Misogyny and racism have found a comfortable home in the ANC, says DA national spokeswoman Lindiwe Mazibuko.

Speaking at a Cape Town Press Club event on Tuesday, Mazibuko laid into the ANC for failing to act against those within its ranks who spouted racism and sexism.

Mazibuko drew on a number of incidents that took place during the municipal elections, including Higher Education Minister Blade Nzimande’s reference to DA leader Helen Zille, Cape Town Mayor Patricia de Lille and Mazibuko as “a madam and two stooges” on account of their faces appearing on the DA’s election posters.

“(This is) presumably because, in minister Nzimande’s own warped mind, a white woman, a coloured woman and a black woman cannot possibly relate to one another as equals,” she said.

Mazibuko noted that Nzimande was never taken to task for his comments and that he was duly followed down the path of racist rhetoric by other members of the governing party. She recounted her experience with ANC Youth League leader Julius Malema, who infamously refused to debate with her on radio, saying he would not debate with “the madam’s tea girl”.

She also referred to ANC MP and Young Communist League leader Buti Manamela’s “vitriolic diatribe” in which he referred to black supporters of the DA as “monkeys doing the bidding of their masters” and the utterances of Nceba Faku, the ANC’s man in the Nelson Mandela Bay Metro, who exhorted his supporters to burn down the offices of the Eastern Cape Herald.

He also, according to Mazibuko, “declared that black South Africans who voted for the DA should go to Europe or be driven into the sea”.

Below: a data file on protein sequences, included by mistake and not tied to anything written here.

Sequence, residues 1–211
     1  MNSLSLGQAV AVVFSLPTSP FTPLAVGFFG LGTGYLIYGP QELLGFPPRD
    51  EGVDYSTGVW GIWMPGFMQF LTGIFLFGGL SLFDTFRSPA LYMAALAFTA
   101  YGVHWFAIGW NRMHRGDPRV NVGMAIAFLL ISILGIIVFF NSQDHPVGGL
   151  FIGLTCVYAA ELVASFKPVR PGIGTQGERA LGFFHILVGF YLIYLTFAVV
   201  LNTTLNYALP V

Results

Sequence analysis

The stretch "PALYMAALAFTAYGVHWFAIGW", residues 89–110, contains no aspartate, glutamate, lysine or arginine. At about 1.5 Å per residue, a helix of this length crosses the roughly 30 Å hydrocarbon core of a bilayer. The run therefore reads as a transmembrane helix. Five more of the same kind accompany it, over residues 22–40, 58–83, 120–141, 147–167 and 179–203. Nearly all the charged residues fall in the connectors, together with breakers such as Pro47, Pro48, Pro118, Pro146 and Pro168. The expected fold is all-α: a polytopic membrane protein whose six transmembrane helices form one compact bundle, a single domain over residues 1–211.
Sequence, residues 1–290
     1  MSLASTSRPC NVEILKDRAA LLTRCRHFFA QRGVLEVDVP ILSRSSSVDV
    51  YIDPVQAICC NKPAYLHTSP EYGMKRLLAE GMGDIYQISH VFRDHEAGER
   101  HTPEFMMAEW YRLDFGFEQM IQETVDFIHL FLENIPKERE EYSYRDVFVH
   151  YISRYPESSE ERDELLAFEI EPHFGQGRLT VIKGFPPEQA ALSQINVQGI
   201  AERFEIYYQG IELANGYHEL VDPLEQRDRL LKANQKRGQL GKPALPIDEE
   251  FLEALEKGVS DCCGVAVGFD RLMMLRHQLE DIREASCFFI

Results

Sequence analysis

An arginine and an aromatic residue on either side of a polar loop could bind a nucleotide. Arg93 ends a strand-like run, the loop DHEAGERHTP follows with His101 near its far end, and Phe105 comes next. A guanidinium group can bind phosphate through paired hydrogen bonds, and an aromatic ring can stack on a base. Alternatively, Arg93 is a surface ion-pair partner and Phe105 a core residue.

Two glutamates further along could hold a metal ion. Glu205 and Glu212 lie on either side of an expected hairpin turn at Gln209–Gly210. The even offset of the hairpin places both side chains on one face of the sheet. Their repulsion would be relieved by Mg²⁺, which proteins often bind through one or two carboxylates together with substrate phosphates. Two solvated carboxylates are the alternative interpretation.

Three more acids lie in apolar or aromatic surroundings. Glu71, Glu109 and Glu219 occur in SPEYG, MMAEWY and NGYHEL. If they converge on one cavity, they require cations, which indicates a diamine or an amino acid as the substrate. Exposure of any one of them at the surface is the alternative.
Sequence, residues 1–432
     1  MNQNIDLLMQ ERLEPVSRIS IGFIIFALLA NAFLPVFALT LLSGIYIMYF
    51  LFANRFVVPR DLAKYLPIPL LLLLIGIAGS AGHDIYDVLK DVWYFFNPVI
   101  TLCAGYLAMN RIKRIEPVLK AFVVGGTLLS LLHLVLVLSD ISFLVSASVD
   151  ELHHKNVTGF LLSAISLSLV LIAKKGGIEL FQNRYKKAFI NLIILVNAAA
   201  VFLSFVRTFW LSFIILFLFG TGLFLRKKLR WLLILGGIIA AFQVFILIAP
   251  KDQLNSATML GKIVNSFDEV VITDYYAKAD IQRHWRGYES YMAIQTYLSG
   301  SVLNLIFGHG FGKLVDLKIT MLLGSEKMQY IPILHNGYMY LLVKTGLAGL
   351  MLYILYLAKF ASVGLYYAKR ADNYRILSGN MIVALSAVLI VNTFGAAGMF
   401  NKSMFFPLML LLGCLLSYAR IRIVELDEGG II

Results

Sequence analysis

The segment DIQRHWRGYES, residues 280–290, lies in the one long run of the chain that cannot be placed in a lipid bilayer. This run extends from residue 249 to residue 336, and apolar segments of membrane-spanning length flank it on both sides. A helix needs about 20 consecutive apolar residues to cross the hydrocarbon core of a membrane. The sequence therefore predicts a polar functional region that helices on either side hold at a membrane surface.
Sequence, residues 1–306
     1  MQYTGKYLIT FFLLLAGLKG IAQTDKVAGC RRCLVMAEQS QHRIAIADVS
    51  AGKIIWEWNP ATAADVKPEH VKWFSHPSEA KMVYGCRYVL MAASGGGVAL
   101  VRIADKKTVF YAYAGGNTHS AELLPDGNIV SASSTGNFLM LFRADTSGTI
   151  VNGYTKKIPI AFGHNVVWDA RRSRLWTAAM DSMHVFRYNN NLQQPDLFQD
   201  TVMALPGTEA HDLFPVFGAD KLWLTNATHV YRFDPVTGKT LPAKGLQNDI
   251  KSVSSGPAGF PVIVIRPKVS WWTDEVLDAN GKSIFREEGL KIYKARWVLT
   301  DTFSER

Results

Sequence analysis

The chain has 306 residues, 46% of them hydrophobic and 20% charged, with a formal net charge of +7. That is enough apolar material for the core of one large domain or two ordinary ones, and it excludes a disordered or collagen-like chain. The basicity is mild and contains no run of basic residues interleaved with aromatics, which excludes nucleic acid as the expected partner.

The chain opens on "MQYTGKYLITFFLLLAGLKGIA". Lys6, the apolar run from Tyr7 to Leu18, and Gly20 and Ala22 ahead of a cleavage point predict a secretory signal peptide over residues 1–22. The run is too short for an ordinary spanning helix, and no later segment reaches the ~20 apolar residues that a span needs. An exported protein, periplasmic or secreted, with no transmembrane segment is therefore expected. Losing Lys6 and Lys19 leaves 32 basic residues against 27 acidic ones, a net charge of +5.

The ANC had distanced itself from Faku’s incitement to arson, but remained mum about his racist comments, she noted. Mazibuko was invited to speak on the theme, Is South African politics really only about black politics?

“Some people in South Africa really do want to make this country’s politics about ‘black politics’ only. Not all are in the ANC, and not all of those in the ANC want this. But since the party has failed categorically to repudiate the words of those who peddle the politics of racial division in its name, we can only surmise that it hopes to capitalise on division for electoral success, while at the same time preaching non-racialism and claiming a commitment to the values of a glorious past,” she said.

Mazibuko said the “divisive, racial” path chosen by some politicians was an easy path.

But more importantly, she said, it also appealed to “the most wounded parts of the South African psyche – the anger, shame, denial and deficit of self-esteem which apartheid has bequeathed to us”.

“It is the path of easy villains, lack of empathy and understanding, and the peddling of fear, loathing and resentment. This is also why it is profoundly bad for South Africa and bad for democracy,” added Mazibuko.

“Nelson Mandela showed us the way forward. Reconciliation takes courage and generosity. And it takes time.” - Political Bureau